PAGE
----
Beatific vision

Beatific vision

[Drugs are often seen as a short route to knowing God because of the common experiences of gaining secret knowledge and new perspectives, and of seeing (illusory or not), or otherwise experiencing God or spirit. The Eleusinian Mysteries, referenced below, included a drink called kykeon, which is thought to have been psychedelic, although there is no real evidence for that beyond the reputed efficacy of the experience and the use of (possibly ergot-contaminated) grain.

Whether or not the drug experience really does bring one closer to God (if He is there) is moot, since the subjective experience is real. Apart from the risk to the physical body of ingesting some drugs, Western civilisation joins the esoteric practices which devote time and effort to communing with God in condemning shortcuts such as drug use as false and dangerous in that participants are unprepared for the experience and don’t know what to do with it once they have it.]

South Park

From Wikipedia, the free encyclopedia:

“In Christian theology, the beatific vision is the ultimate direct self communication of God to the individual person. A person possessing the beatific vision reaches, as a member of redeemed humanity in the communion of saints, perfect salvation in its entirety, i.e. heaven. The notion of vision stresses the intellectual component of salvation, though it encompasses the whole of human experience of joy, happiness coming from seeing God finally face to face and not imperfectly through faith. (1 Cor 13:11–12) 1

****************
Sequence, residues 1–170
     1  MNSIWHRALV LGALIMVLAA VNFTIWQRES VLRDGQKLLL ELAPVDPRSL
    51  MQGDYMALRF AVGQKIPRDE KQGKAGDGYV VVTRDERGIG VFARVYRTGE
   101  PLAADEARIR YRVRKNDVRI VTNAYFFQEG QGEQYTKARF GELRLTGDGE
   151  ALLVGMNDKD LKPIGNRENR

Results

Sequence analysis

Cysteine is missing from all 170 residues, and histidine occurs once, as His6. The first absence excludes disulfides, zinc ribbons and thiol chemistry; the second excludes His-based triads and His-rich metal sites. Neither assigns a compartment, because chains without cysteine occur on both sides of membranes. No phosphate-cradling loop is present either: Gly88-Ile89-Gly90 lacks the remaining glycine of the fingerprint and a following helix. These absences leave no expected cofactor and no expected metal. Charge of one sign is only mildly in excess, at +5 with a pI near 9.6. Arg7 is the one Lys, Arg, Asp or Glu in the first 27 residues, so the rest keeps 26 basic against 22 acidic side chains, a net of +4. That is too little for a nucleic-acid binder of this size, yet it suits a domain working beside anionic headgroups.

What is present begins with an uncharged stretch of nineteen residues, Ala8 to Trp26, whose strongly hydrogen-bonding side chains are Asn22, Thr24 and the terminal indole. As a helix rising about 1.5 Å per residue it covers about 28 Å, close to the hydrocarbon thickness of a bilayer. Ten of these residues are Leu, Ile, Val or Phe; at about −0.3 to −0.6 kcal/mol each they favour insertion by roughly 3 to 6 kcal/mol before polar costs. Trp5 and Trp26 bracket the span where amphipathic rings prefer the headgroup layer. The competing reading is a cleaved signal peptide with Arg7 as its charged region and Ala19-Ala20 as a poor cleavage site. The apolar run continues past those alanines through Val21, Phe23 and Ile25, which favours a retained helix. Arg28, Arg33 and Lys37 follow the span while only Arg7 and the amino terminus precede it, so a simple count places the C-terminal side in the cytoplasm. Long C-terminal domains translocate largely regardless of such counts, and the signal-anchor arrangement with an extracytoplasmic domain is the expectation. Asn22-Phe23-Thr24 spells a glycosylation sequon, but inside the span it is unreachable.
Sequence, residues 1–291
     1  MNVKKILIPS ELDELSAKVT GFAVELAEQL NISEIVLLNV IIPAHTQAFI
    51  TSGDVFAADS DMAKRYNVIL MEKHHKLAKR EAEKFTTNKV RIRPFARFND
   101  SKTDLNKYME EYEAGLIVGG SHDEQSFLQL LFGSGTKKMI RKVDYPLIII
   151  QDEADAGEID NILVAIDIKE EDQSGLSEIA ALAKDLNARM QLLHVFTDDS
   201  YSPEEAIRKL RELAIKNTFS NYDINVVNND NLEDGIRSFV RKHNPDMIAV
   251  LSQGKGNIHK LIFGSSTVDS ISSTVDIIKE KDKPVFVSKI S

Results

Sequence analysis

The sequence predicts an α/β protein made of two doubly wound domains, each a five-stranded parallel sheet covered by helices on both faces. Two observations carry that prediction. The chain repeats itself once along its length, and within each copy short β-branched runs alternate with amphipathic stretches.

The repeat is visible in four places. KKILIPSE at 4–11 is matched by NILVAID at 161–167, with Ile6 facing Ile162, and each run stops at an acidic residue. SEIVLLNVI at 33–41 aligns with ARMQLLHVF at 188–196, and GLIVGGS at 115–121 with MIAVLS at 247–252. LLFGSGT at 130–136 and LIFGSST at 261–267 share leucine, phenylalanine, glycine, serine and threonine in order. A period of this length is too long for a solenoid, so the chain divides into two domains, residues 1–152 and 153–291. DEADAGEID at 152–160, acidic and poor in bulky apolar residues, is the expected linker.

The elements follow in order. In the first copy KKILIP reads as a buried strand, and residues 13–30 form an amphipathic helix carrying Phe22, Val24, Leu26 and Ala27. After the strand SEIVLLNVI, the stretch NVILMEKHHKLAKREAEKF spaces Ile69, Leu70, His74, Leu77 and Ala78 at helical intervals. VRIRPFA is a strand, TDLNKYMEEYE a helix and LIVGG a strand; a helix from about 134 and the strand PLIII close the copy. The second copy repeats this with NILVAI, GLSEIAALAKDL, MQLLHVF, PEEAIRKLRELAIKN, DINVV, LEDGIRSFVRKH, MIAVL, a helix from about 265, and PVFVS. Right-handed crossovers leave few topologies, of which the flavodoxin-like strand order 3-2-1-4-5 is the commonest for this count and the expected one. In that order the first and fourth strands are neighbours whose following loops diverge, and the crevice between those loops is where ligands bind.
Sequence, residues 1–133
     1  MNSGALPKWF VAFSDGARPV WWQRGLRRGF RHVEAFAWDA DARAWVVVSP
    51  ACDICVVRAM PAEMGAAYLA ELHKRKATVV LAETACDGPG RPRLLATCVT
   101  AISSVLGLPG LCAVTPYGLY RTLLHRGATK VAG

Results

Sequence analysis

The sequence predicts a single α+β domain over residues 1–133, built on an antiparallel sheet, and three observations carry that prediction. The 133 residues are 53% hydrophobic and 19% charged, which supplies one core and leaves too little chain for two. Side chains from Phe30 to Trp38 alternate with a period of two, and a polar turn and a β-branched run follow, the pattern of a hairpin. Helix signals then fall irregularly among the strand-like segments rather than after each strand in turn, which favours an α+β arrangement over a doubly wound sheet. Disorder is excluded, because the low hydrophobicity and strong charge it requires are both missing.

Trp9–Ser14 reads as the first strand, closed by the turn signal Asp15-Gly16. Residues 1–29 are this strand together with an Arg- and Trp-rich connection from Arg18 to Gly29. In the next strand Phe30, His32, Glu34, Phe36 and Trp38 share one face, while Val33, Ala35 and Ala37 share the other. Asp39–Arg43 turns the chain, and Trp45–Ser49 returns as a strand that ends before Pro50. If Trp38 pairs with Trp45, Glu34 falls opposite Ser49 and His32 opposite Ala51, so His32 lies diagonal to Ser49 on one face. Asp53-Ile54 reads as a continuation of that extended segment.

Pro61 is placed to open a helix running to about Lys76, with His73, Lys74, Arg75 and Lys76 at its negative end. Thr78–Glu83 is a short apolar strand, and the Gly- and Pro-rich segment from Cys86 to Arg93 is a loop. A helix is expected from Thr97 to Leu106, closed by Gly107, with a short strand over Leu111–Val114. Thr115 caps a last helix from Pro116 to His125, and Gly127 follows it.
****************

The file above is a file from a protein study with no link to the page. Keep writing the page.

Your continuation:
It is related to the Catholic and Eastern Orthodox belief in theosis [becoming God-like. 2], and is seen in most – if not all – church denominations as the reward for Christians in the afterlife.

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‘In the Eleusinian Mysteries
Socrates’ mystic vision of initiation from Plato’s Phaedrus.

“There was a time when with the rest of the happy band they saw beauty shining in brightness – we philosophers following in the train of Zeus, others in company with other gods; and then we beheld the beatific vision and were initiated into a mystery which may be truly called most blessed, celebrated by us in our state of innocence before we had any experience of evils to come, when we were admitted to the sight of apparitions innocent and simple and calm and happy, which we beheld shining in pure light.” Phaedrus:250′

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  1. “11 When I was a child, I talked like a child, I thought like a child, I reasoned like a child. When I became a man, I put the ways of childhood behind me. 12 For now we see only a reflection as in a mirror; then we shall see face to face. Now I know in part; then I shall know fully, even as I am fully known.”[]
  2. Does Faust undergo false theosis?[]

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